Mr. Herrmann's notes indicated that these two individuals were from graves located on a bluff in what is now known as the Mines of Spain, Dubuque, IA. Mr. Herrmann participated in the removal and reburial of the remains of what were purported to be Julien Dubuque (Hodges 1994), and he collected the remains of a woman from a grave outside of the presumed grave of Mr. Dubuque and Chief Peosta. Mr. Herrmann identified the woman as “Potosa,” also known as Ms. Potosi, the purported wife of Mr. Dubuque. Historical records do not provide any information on Ms. Potosi, and it is not known when she died, how old she was when she died, the cause of her death, or even if the remains in this collection are those of “Potosa.” The remains of a second individual were taken from a grave 60 feet west of the purported Dubuque/Peosta grave. A tag written by Mr. Herrmann identifies these remains as “Kettle Chief.” Given that none of the graves was marked, that they were excavated at least 75 to 100 years after the deaths of the named individuals, and the stated rationale for Mr. Herrmann's purported identification is suspect, the remains of these individuals cannot be identified with certainty. Physical anthropological evidence indicates that these two individuals are Native American. Historical maps, written historical accounts, archeological evidence, and tribal history demonstrate that the Meskwaki had a village at this location in the late 1700's and early 1800's and that Julien Dubuque lived and died in Start Printed Page 55045the area while mining lead on his large land grant named Mines of Spain.

At an unknown date, human remains representing two individuals were removed by Bud Hansen, a local collector, reportedly from the Saukenauk site (11RI29), Rock Island, Rock Island County, IL. In 1987, the remains were transferred to the Office of State Archaeologist Burial Program from a private collection. Saukenauk was an important Sac and Meskwaki village between 1764 and 1830, which has been documented by oral historical, archival, and anthropological evidence. No known individuals were identified. There are no associated funerary objects.

Based on the above-mentioned information, officials of the Office of the State Archaeologist, University of Iowa, have determined that, pursuant to 43 CFR 10.2 (d)(1), the human remains listed above represent the physical remains of five individuals of Native American ancestry. Also, officials of the Office of the State Archaeologist, University of Iowa, have determined that, pursuant to 43 CFR 10.2 (e), there is a relationship of shared group identity that can be reasonably traced between these Native American human remains and the Sac and Fox Tribe of the Mississippi in Iowa, Sac and Fox Nation of Missouri in Kansas and Nebraska, and the Sac and Fox Nation of Oklahoma.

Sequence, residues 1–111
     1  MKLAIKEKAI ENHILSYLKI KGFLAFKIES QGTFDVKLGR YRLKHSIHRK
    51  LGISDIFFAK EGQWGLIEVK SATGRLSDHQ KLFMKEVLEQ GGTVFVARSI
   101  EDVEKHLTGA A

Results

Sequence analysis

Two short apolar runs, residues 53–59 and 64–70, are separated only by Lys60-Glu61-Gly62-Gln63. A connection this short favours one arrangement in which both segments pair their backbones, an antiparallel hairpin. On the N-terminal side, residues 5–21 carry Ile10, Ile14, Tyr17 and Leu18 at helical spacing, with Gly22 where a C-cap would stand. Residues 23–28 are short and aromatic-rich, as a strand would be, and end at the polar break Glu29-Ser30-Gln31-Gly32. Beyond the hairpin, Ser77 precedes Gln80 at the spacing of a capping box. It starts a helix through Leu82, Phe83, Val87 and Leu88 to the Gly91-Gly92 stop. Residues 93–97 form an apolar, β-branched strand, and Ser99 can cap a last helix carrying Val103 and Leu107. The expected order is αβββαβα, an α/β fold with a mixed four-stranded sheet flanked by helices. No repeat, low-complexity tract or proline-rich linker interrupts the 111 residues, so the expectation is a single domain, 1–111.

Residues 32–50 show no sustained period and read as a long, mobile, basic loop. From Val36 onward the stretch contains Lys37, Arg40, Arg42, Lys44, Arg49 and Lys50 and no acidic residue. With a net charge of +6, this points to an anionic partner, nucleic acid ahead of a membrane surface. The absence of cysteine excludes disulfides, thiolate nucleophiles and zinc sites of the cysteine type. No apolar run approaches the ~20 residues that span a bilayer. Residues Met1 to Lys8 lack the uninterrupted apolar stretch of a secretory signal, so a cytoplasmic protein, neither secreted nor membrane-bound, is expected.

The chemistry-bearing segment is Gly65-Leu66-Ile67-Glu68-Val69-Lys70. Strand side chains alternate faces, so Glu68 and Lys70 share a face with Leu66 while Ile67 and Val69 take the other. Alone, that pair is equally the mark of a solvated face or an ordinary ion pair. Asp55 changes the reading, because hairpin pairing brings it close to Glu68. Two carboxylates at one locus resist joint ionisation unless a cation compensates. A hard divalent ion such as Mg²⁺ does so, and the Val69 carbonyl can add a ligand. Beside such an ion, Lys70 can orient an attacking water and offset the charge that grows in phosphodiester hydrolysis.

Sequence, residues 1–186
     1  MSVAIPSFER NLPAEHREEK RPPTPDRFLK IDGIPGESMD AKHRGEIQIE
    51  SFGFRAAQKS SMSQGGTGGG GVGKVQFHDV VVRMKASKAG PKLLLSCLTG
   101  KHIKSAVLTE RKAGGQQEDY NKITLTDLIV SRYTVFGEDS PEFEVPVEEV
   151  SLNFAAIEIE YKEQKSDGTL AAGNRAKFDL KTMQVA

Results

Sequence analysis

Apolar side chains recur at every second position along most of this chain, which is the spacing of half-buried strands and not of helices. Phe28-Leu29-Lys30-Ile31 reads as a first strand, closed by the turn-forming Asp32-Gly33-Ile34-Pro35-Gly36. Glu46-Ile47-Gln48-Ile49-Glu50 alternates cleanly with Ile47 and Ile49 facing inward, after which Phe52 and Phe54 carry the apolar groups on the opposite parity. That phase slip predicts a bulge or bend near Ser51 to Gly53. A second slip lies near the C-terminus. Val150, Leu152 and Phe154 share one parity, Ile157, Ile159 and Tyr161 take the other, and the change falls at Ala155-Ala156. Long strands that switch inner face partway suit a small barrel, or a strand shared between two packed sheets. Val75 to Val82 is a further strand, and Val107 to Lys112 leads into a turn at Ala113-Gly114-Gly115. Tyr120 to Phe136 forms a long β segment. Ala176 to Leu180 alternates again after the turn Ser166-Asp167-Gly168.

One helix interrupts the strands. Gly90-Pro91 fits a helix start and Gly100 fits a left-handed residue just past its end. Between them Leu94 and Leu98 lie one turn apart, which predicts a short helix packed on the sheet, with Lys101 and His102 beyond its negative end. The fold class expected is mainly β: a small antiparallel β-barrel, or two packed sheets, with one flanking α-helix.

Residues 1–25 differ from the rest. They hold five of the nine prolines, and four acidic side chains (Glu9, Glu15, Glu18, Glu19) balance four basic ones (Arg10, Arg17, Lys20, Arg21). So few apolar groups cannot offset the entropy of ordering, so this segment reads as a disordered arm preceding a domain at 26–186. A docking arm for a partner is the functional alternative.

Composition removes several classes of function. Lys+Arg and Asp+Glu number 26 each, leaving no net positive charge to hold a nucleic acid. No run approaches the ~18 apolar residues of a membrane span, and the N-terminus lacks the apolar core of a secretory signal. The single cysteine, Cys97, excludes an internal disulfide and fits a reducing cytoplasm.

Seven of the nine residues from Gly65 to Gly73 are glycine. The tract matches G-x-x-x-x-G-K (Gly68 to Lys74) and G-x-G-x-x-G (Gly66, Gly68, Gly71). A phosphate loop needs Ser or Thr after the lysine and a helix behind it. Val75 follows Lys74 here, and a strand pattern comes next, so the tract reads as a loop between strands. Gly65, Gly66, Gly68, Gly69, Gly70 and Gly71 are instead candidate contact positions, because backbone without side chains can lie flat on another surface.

This notice has been sent to officials of the Sac and Fox Tribe of the Mississippi in Iowa, Sac and Fox Nation of Missouri in Kansas and Nebraska, and the Sac and Fox Nation of Oklahoma. Representatives of any other Indian tribe that believes itself to be culturally affiliated with these human remains should contact Shirley Schermer, Burials Program Director, Office of the State Archaeologist, Eastlawn, University of Iowa, Iowa City, IA 52242, telephone (319) 384-0732, before October 12, 2000. Repatriation of the human remains to the Sac and Fox Tribe of the Mississippi in Iowa, Sac and Fox Nation of Missouri in Kansas and Nebraska, and the Sac and Fox Nation of Oklahoma may begin after that date if no additional claimants come forward.

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Dated: August 23, 2000.

John Robbins,

Assistant Director, Cultural Resources Stewardship and Partnerships

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[FR Doc. 00-23384 Filed 9-11-00; 8:45 am]